— The U.S. National Geospatial-Intelligence Agency (NGA) is in the early stages of incorporating more video imagery and ground-based photography into its databases, but a U.S. Senate committee believes
the agency is moving too slowly with this work.
The Senate Select Committee on Intelligence included language in S. 1538, its version of the Intelligence Authorization Act for Fiscal Year 2008, that formally adds video imagery and ground-based photography to the NGA’s set of responsibilities.
awaiting a vote on the Senate floor, directs the NGA to “develop a system to facilitate the analysis, dissemination, and incorporation of likenesses, videos, and presentations produced by ground-based platforms, including handheld or clandestine photography taken by or on behalf of human intelligence collection organizations or available as open-source information, into the National System for Geospatial Intelligence.”
There was no comparable language
in the House version of the legislation, H.R. 2082, which passed the House on May 11. Senate and House conferees will have to hash out the differences in their respective intelligence bills before the measure can become law.
report accompanying its bill,
the Senate Intelligence Committee
noted that the NGA, since its creation in 1996, has made significant progress in bringing together imagery and mapping missions traditionally handled by its legacy military and intelligence organizations.
However, the agency has been slow to adopt new developments in imagery from sources like aircraft, commercial satellites, ground photography
and video, according to the report. While the NGA
is “belatedly” beginning to make progress with
commercial-satellite and aerial imagery
, its databases and products are “nearly devoid” of video and ground photography, the report said.
David Burpee, an NGA spokesman, declined to comment on the legislation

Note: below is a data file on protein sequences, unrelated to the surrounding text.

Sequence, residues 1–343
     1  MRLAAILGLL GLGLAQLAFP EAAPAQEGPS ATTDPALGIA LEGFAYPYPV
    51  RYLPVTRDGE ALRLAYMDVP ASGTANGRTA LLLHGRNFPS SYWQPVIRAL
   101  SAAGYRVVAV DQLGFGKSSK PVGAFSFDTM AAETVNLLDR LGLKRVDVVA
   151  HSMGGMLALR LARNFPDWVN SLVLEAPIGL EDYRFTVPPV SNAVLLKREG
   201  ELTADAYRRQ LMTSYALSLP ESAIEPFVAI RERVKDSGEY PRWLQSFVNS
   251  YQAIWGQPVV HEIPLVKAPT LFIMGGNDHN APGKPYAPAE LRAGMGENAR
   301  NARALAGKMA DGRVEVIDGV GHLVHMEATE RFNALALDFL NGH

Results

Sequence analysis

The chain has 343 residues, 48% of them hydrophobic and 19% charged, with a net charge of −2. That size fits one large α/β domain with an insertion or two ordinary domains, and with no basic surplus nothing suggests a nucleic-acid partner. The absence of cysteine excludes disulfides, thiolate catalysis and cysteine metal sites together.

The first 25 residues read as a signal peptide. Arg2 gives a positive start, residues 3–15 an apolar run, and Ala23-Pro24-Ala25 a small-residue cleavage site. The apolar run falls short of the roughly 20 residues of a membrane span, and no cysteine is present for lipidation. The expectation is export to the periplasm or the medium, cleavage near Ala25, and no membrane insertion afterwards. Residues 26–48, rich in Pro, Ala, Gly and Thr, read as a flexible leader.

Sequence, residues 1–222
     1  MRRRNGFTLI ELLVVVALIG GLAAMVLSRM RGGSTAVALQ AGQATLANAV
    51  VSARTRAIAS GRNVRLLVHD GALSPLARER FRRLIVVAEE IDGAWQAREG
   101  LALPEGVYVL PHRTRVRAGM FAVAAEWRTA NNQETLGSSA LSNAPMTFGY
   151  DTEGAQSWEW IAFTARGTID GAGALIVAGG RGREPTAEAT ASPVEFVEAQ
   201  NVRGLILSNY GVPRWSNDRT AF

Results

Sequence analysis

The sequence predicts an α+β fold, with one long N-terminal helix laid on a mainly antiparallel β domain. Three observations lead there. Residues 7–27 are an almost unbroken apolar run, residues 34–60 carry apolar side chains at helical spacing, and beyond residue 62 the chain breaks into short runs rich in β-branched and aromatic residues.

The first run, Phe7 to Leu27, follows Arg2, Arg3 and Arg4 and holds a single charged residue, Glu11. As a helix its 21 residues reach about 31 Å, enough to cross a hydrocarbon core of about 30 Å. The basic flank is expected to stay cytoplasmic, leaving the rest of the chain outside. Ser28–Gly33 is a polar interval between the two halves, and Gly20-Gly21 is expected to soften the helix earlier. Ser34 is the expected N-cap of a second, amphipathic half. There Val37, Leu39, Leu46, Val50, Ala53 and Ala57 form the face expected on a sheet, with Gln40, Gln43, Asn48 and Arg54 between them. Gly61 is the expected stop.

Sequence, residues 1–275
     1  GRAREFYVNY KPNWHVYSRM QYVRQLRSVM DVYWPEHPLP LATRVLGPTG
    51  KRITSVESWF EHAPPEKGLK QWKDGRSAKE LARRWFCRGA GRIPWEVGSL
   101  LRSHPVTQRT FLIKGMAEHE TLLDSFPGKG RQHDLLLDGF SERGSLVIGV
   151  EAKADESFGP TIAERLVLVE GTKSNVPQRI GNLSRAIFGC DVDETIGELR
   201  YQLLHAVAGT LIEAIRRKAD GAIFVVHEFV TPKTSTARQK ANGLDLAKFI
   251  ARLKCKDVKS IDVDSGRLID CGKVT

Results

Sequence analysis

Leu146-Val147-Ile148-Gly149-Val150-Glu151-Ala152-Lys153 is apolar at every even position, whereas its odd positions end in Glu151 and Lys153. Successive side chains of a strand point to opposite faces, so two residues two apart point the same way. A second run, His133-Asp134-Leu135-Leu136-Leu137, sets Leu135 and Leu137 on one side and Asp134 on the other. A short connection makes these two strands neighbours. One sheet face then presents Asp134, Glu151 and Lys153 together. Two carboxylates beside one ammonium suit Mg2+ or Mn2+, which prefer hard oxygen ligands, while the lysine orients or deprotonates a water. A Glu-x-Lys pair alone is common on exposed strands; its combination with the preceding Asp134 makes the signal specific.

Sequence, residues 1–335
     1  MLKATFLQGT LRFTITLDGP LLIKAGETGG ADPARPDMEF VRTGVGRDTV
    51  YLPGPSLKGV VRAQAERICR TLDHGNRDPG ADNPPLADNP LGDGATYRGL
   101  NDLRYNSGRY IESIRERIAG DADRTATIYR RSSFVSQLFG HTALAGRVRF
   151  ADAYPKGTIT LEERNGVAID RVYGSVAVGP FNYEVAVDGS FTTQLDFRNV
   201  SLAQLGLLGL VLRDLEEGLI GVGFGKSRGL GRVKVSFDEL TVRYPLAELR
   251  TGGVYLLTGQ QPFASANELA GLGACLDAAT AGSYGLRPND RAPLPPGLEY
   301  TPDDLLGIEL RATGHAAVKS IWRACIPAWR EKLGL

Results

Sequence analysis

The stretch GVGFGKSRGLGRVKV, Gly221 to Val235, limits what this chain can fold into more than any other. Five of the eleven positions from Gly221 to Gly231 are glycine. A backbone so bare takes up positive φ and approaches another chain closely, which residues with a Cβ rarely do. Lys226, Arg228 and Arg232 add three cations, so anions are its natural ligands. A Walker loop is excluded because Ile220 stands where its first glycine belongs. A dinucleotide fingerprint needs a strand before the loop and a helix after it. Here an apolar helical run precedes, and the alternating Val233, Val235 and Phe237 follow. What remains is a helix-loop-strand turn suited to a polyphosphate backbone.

The agency’s current products based on overhead imagery
for mission planners, the report said. However, video of a route to and from a particular facility or area, or ground-based photographs that
from a soldier’s
perspective, “would be of immense value to military personnel and intelligence officers,” the report said.
While the report did not mention possible sources of video imagery, it suggested that ground-based photography could come from open as well as
government sources, including
military units, embassy personnel, clandestine officers
and foreign allies.
Wendy Morigi, a spokeswoman for the Senate Intelligence
the panel deliberately avoided defining
the type of video imagery the
adopt so as
not to exclude any possible sources.
does not give the NGA authority over human intelligence assets as the agency
video and ground-based photography into its mission. The
report said lawmakers
would like to see the NGA work with its
intelligence community partners to develop
to ensure that it
can properly use the data.
An intelligence community official
NGA has been making an effort in recent years
to incorporate more ground-based photography and video, such as video taken by unmanned aerial vehicles, into its databases
is the agency’s use of 360-degree panoramas taken by
ground-based cameras to help secure
parade routes for senior government officials, the
However, a number of issues must be addressed
before the NGA can adopt these data sources on a
much wider scale, the intelligence official said.
One issue is defining the types of
images and videos that are best
handled by NGA
, the official said. It is the NGA’s mission to provide information related to location; images or video that answers the question of “who” or “what” rather than “where” might
be better handled by databases at the CIA or Defense Intelligence Agency, the official said.
locations of the people or places depicted in
videos or photographs is another issue, the
official said. Video from
unmanned aerial vehicles like the
Predator comes with
location coordinates provided by the platform
, the official said. However, this is not necessarily the case for a lot of other types of video or images, which may be taken by handheld cameras, the
NGA also must take care not
to impose requirements that could interfere with the normal activities
, the intelligence official said.